- Name of game: 7 Wonders
- Created by: Antoine Bauza in 2010
- Platform: tabletop card drafting game
What is the theme?
Ancient, magical, civilization building
Formal elements / What mechanics do they use?
- Players: 3-7 players; multilateral competition
- Objective: construction
- Outcomes: non zero-sum game
- Procedures & rules: There are three rounds, or Ages. In each round, players start with a full hand of Age Cards representing resource production, commercial activity, or military. All players simultaneously play one Age Card, building some aspect of their civilization, and pass the rest clockwise, earning Victory Points on the way. Once the hand has been depleted, players engage in military conflict with their neighbors, and the round ends. The three rounds build upon each other and increase in complexity. The player who ends up with the greatest civilization (represented by the most Victory Points) wins.
- Resources: 7 Wonder Boards, 49 Age I Cards, 49 Age II Cards, 50 Age III Cards, 46 Conflict tokens, 24 Value-3 Coins, 47 Value-1 Coins
- Boundaries: the table
What kind of fun do they promise the player?
Fantasy, challenge, competition
How is this fun and theme reinforced through graphic design decisions?
The graphic design of the Wonder Boards and Age Cards are very detailed, realistic, and give off ancient, magical, and magnificent vibes, which makes players want to play to step into a role not in real life.
How does the game differentiate itself from other games in the genre?
7 Wonders differentiates itself from other multilateral competition tabletop card games (e.g., Exploding Kittens, Unstable Unicorns) because of its flexibility of game strategies. Players can accumulate Victory Points by focusing on different aspects (Science, Military, etc.) of their civilizations. This makes each game unique, and players need to have multiple game plans to win. Formulating these strategies need critical thinking and creativity, and these challenges are what make the game stand out.
How do they handle abuse (or don’t)? Abuse is a critical concern for social games.
One might think that a player might abuse the game mechanics by hoarding all the resources in a category (e.g., collecting all the Science cards) and preventing other players from earning the Victory Points in that category. However, as previously explained, there are flexible, balanced strategies to earn Victory Points; say you go all-in on Science, then other players can watch you do your Science thing while building up their Military and eventually crush you. As a result, the game is cleverly balanced to handle abuse.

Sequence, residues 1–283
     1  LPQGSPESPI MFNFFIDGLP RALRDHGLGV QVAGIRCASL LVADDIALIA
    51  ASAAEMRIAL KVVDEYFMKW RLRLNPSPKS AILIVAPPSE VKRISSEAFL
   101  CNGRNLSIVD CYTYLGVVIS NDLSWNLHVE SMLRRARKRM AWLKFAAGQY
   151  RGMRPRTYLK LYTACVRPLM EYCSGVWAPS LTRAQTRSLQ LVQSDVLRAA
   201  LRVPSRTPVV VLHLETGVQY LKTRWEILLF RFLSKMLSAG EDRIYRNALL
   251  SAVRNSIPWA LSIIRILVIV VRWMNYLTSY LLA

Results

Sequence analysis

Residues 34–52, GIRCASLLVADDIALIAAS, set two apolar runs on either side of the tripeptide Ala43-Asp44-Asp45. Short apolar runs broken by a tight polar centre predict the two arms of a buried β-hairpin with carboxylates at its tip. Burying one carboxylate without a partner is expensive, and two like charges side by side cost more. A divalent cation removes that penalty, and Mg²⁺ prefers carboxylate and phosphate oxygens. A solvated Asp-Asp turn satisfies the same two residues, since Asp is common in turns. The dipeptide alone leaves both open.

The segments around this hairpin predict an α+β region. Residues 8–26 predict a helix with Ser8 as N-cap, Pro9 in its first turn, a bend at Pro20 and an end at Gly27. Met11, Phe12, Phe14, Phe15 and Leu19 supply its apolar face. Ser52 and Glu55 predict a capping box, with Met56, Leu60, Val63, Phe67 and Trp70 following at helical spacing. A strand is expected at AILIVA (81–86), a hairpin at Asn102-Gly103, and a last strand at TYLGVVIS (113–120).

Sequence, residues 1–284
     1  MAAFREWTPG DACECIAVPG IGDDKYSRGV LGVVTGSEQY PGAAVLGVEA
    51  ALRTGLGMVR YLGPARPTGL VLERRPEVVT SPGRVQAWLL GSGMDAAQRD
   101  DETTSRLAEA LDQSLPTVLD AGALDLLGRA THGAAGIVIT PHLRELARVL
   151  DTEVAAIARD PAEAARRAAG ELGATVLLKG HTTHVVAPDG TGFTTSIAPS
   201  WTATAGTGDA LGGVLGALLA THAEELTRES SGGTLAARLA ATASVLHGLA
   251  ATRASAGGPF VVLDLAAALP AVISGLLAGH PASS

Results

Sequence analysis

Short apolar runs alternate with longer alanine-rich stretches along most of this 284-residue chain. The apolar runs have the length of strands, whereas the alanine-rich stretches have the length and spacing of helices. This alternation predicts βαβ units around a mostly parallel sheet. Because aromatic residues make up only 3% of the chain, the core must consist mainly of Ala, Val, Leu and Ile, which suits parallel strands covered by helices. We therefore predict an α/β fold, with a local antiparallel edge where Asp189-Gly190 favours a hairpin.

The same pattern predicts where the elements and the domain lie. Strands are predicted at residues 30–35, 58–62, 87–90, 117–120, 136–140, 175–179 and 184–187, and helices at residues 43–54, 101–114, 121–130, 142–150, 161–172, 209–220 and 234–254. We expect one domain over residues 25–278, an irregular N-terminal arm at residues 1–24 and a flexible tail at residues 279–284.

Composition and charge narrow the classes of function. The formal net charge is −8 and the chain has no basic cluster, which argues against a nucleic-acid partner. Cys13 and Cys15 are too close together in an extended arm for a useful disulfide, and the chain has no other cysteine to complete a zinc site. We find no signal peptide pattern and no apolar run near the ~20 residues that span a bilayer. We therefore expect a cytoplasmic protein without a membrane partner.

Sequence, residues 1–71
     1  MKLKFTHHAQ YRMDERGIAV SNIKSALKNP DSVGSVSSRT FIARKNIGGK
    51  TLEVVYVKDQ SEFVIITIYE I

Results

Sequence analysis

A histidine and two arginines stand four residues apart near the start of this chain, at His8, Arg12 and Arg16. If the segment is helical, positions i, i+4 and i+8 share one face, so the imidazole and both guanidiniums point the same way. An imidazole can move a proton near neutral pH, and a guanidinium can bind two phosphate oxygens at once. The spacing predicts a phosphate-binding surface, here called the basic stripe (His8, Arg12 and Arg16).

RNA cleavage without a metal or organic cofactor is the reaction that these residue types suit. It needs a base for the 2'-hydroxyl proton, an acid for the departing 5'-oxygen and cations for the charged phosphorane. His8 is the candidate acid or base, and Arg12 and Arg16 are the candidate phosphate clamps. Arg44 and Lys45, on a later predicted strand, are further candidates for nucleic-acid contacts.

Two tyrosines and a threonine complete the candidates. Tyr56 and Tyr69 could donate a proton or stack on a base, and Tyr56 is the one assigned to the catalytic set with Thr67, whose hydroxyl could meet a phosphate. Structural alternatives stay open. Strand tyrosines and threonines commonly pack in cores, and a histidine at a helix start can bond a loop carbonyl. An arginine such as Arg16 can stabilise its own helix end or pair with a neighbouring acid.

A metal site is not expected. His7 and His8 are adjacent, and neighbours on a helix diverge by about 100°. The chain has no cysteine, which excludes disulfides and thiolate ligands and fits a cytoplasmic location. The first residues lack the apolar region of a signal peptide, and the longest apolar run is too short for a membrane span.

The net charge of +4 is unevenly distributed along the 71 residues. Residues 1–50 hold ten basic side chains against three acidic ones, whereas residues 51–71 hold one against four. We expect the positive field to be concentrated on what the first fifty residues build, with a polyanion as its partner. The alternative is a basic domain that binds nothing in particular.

How would you make it better?
7 Wonders is one of the most fun games I’ve played (there’s a reason why it won more than 30 international awards). The only thing I don’t like about it is how it has a steep learning curve. Some of my friends didn’t want to learn it because there were too many different types of Age Cards and ways to earn Victory Points, and the tutorial video was 10 minutes long. Also, there are only 7 wonders, and if you play too much you become used to all the Wonder Boards. But addressing the aforementioned shortcomings would sacrifice other good parts of the game, so in the end, I would not change anything about it.
Now play the game as a designer, taking screenshots of what’s interesting. Only share the most important insights you have!
I played the game with 6 other players. In the first round (Age I), it was interesting to see players negotiating and pretending to make peace with their neighbors, then betraying them at the very end of the round by playing a Military card, as in Figure 1.
Figure 1. Game state at the end of Age I. “I thought we were peaceful… Why did you play a Military card?”
In the second round (Age II), it was interesting to see some players start focusing on collecting cards in a specific category and avoid using the same strategies as other players. For example, the player at the very left invested a lot in yellow cards (commercial activity), while the player wearing the ramen shirt played a lot of blue cards (directly stacking victory points).
Figure 2. Game state at the end of Age II.
In the third round (Age III), it was interesting to see how everyone started building a lot of Military. This is because players were rewarded 5 Victory Points for winning a Military Conflict in the last round, as opposed to only 1 Victory Point in the first round. It was also interesting to see how multiple players committed to building Science (green cards) because the Victory Points grew exponentially for each additional Science card.
Figure 3. Game state at the end of Age III.
Figure 4. Final score table. Each column represents a player (I was “K”), and each row represents a category to earn Victory Points in. The bottommost row is the total Victory Points. We see that the player who won (“C”) won by playing a lot of blue cards (directly stacking Victory Points) and green cards (building Science).